thursday, february 10, 2011
kansas state collegian
LUST OR LOVE
People use long list of excuses to justify sex on the first date
Sara Gudde You know the classic chick flicks. Boy meets girl. Boy and girl think they hate each other, but end up on a date. Boy and girl have sex. Boy and girl fall madly in love, then live happily ever after. Now, I do enjoy a good chick flick every once in awhile, but something about Hollywood’s illustration of love just doesn’t quite ring true. Frankly, it seems as though the one-date-then-sexthen-happily-ever-after scheme doesn’t work so well in real life. Yet plenty of people still consider having sex on the first date. And they find all sorts of justifications for making such an impulsive decision: She’s gorgeous. He loves me. It is just one night. I just want to have fun. The list goes on and on. There are a plethora of reasons not to have sex on the first date. For the sake of space, I have narrowed them down to the following 10 reasons. 1. So her dad doesn’t kill you and her. If you value your life, and her dad owns a shotgun, you should probably think twice before having sex with Daddy’s little girl on the first date. 2. STDs. According to the Center for Disease Control, there are approximately 19 million new STD cases each year. You don’t want to be part of that number. If your date is willing to have sex with you on the first date, there is a good chance you aren’t the first person they have slept with on a first date. What does that say about your chances of acquiring an STD? 3. To avoid wrecking your relationship. I have seen too many dating relationships end after sex enters the picture. Consider how sex on a first date will complicate your life. Then maybe you will be more apt to think twice about sharing such an intimate experience with someone you are just beginning to become acquainted with. 4. Pregnancy.
Photo Illustration by Lisle Alderton
Hopping into bed may sound like a great idea, but first make sure her dad doesn’t own a large gun. Better yet, make sure she doesn’t live with her dad and he doesn’t have keys to her house. This is the last situation someone would want to find themselves in. Bringing new life into this world is a beautiful thing, but it is a lot easier with two parents to share the load. How are you supposed to know that the person you are having sex with will make a good father or mother after only one date? Don’t just think about how pregnancy would affect you; think of others instead. How would having a child with someone you barely know affect those that love you – parents, friends, family? Or more importantly – the child? 5. Practice for monogamy. Polygamy is against the law. Having sex on every first date is not good practice for monogamy. Casual sex doesn’t build the kind of character needed for a real relationship. This idea of instant gratification is destructive to any ability to maintain real commitment.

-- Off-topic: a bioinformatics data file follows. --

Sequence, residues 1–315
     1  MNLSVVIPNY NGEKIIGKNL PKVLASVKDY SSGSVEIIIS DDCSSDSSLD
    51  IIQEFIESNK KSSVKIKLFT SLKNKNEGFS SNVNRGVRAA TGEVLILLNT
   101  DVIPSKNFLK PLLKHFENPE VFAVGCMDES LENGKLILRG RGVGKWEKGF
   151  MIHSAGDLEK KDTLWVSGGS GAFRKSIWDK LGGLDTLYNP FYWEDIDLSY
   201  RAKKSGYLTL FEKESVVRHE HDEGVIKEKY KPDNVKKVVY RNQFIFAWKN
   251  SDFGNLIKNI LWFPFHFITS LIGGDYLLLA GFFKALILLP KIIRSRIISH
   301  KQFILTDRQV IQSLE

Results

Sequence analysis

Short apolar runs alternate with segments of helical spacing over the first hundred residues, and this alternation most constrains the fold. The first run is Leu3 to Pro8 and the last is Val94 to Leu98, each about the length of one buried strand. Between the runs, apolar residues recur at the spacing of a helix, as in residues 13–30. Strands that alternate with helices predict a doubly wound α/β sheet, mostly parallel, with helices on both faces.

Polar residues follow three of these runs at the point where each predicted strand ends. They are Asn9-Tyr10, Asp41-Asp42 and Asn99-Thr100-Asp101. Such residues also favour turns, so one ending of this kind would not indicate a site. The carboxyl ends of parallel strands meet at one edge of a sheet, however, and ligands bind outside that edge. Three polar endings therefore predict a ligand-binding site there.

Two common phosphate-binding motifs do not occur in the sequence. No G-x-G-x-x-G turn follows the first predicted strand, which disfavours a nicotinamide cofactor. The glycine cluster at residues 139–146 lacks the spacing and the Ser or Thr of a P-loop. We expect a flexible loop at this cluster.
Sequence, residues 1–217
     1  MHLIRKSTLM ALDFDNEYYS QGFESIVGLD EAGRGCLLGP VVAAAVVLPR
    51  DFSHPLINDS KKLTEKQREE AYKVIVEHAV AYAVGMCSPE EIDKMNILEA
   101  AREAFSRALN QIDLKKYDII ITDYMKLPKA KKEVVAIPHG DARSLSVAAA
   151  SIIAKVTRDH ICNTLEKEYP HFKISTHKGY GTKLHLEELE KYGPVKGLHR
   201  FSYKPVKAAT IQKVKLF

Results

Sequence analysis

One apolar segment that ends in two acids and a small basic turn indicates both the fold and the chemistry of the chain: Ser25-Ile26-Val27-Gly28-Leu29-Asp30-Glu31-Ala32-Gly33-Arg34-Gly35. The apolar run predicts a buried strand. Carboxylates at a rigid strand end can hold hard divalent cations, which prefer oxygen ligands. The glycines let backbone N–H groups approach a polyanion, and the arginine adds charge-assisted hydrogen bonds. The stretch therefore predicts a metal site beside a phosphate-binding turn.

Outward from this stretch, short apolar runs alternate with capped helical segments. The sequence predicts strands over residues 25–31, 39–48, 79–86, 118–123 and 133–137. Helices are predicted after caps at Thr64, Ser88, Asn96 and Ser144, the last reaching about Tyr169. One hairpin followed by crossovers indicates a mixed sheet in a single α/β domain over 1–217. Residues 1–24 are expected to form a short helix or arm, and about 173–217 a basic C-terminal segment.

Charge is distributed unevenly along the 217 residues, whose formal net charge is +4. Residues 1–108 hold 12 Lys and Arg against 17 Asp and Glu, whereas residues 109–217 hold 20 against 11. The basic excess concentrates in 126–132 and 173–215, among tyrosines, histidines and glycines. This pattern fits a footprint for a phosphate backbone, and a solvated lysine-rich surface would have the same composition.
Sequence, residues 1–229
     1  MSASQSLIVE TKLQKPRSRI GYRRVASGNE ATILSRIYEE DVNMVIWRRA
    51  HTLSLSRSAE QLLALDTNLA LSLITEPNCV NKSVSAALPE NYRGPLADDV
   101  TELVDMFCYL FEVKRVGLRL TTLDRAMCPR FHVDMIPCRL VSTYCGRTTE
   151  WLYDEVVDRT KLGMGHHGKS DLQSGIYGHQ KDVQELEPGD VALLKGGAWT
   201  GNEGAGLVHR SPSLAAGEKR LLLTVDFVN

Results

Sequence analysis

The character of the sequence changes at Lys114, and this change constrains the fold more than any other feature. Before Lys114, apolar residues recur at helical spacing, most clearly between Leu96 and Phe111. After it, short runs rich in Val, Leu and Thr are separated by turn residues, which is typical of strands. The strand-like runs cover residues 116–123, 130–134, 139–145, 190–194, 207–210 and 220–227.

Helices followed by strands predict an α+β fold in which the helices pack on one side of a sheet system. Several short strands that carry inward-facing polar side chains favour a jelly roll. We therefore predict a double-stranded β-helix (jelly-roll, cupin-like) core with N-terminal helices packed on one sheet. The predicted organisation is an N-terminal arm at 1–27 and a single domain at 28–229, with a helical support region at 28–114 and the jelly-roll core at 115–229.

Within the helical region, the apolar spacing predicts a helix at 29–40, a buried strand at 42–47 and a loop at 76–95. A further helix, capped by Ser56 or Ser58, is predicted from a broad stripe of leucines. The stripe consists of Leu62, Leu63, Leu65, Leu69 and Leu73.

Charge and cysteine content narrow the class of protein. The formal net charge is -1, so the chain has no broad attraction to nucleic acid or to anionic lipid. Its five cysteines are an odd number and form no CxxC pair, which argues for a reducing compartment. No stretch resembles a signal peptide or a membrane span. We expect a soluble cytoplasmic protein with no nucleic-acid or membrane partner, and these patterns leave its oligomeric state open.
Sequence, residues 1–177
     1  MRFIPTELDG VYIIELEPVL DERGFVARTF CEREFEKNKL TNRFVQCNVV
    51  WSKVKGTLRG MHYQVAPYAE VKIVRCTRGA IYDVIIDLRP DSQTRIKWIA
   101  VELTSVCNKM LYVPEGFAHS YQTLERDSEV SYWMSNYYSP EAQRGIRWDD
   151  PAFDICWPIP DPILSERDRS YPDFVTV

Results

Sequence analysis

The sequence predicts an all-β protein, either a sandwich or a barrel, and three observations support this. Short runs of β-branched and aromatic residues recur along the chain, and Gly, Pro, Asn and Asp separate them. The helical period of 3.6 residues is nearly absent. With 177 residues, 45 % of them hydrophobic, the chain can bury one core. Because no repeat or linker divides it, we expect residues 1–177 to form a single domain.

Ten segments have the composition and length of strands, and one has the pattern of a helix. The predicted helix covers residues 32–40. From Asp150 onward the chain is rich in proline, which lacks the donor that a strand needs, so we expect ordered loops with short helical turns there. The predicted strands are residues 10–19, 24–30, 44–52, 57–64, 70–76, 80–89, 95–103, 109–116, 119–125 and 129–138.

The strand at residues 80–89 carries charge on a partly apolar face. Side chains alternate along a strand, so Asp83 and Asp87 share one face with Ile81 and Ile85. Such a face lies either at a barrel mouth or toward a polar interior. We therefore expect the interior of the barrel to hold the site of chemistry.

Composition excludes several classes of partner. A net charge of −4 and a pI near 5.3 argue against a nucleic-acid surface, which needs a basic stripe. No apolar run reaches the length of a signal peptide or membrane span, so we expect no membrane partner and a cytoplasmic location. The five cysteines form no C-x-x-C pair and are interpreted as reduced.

6. Sexiness doesn’t last forever; novelty wears oﬀ — then what? It is important to build relationships on a solid foundation. What if you end up spending the rest of your life with this person? You are going to want to have more in common with them than great sex. So start your relationships off right by building a solid foundation on love, not lust. 7. For your future spouse. Consider if you had to write the following note to your future husband: Dear Fiancé, Into our new marriage I will be bringing the following: a new car, a toaster, two couches, three STDs, four kitchen chairs and all the emotional baggage that comes from having sex with five others
Hooking up has consequences
before I met you. With love, Your Future Wife Now, wouldn’t that be a fun letter to write? 8. To avoid being used. You have heard the saying before: “Women give sex to get love and men give love to get sex.” Don’t fall prey to this vicious game. Ultimately, it is more satisfying to give yourself to someone in a true, healthy relationship. 9. Your happiness. Casual sex won’t make you happy. There’s a reason why men bounce around using girl after girl. They are trying – and failing – to find satisfying pleasure in casual sex. That’s the reason why people seem to become progressively more discontented. The more they
try to find happiness in meaningless sex, the less satisfying it is and the greater the need becomes – it’s an exponential downward spiral. They become a slave to that desire, always trying to satisfy it. 10. Respect. Have some self-respect, and have respect for the person you are on the date with. Ladies, don’t give up the mystery and beauty of your femininity so easily – it is so intriguing. Men, use your strength and masculinity to protect the women around you, not to con them into sex on a first date. Sara Gudde is a senior in secondary education. She loves sunshine, reading, chocolate and men with great morals. If you have suggestions for a future topic for the Weekly 10 column, e-mail Sara at email@example.com.
Condomgrams sold by students SHAPE raises money by oﬀereing diﬀerent type of Valentine’s Day gift Austin Enns coverage editor